The series “Clinical Impressions” will recommence in the new year.
My original post last week was supposed to share with you an acupuncturist’s guide for getting through the holiday season. A number of our students and graduates had been sharing the article and its suggestions were atypical and useful compared to most similar articles about holiday stress. However, in light of last Friday’s shootings in Newtown, CT I held back from posting something that seemed irrelevant and almost irreverent under the circumstances. And so I must diverge.
As a native of Connecticut, married to a man who grew up in Newtown and went to elementary school at Sandy Hook, this tragedy is personal. I got married in Newtown and I know the community. I’ve heard it described in recent days as storybookish, quiet, rural. It is all of those things. But the tragedy isn’t worsened by the fact that something so violent and shattering happened in such a quiet, out of the way place. It’s that it happened at all. And so, we grieve.
Grief in Five Element theory falls under the jurisdiction of the Metal element, which is associated with the season of Autumn. Autumn is the natural world’s representation of the process of grief, of letting go, sifting through what is most important and letting the unimportant fall away. This process calls for self-reflection and retrospection, inviting a search for meaning and providing space for us to receive wisdom and inspiration. We find ourselves bowing to the weight of grief now, with inspiration the farthest of hopes.
Nowhere in Five Element theory does it say that this process is quick or easy, or painless. It is simply natural, and one that we do not have to fight against. We must go through it and find the wisdom in the end as best we can. Together. Grief does not have to be isolating.
While it is not in the scope of this blog-space to enter into the political debates now swirling in the media, it is in the scope to offer love and support. I am uncomfortably aware of how little words can do in times of sorrow, but I offer them anyway in the hopes that they can provide a little solace. The more I think about the original article that I had planned to share last week, the more I think that some of the suggestions might be helpful in dealing with the shock and grief our nation is trying to cope with. So, I am sharing it with you to read whenever you’re ready to click here.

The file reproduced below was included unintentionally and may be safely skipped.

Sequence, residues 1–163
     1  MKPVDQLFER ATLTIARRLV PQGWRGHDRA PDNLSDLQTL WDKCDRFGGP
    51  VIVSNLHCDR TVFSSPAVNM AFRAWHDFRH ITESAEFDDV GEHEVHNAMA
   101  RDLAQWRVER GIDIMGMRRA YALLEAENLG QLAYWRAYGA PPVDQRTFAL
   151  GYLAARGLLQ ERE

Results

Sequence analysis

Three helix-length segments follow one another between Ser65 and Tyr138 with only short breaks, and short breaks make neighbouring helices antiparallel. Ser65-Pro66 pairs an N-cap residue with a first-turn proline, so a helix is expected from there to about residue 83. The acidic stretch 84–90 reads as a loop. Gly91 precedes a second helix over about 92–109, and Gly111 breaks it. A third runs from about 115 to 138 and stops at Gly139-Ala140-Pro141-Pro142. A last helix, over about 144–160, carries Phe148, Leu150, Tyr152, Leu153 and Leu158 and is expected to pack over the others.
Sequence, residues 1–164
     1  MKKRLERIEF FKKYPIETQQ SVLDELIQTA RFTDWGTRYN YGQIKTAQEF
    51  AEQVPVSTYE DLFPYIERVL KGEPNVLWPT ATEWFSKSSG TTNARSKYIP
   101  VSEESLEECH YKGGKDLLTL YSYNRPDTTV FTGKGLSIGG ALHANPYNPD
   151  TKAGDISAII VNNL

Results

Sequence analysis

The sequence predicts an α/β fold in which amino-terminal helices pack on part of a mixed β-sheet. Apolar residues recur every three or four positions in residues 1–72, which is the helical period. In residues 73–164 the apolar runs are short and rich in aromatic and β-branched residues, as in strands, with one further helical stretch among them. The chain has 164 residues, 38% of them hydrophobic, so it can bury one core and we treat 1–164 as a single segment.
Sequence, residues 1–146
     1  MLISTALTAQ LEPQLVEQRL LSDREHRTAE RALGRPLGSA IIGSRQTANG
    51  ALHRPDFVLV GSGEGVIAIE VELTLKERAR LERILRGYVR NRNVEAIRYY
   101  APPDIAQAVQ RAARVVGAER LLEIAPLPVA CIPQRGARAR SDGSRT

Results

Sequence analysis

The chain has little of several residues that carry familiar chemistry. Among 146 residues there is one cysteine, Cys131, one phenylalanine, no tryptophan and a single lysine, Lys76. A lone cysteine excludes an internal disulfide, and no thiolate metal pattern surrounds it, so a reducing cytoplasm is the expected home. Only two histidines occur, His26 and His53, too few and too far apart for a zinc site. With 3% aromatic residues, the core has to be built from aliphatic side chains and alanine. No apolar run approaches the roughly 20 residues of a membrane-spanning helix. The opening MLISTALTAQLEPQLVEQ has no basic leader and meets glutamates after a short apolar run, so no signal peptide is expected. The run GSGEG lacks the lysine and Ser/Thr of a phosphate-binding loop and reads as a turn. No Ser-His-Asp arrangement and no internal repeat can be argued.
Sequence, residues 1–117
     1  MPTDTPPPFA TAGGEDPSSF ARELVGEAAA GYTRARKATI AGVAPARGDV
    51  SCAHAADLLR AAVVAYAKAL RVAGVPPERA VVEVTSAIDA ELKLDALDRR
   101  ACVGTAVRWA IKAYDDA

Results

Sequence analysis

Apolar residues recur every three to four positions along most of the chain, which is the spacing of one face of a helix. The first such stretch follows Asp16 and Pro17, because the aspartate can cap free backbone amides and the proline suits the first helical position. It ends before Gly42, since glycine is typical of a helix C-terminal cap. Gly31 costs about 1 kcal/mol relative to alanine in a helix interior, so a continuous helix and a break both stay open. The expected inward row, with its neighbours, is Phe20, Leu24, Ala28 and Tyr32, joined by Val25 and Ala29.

I urge you: get out into nature, forget the “shoulds” racing around in your brain, and go about your life with purpose. More importantly, love your loved ones a little harder, a little more expressively. Share that love with those you don’t know as intimately. Be kinder. Be gentler. Be more forgiving. And let these emotions be the light that guides you.
And so, I am taking this moment to reach out to the AFEA community and tell you that when we in the administration think of our loved ones, we include you in our thoughts and hearts. You are training yourselves and your senses to work with grief, sorrow and pain. Your skills are deeply needed in our society and the work that you do to spread healing in this world is of monumental value. Whether you are a practitioner, student, prospective student, or interested bystander, your positive, healing energy is what we need. Let it shine.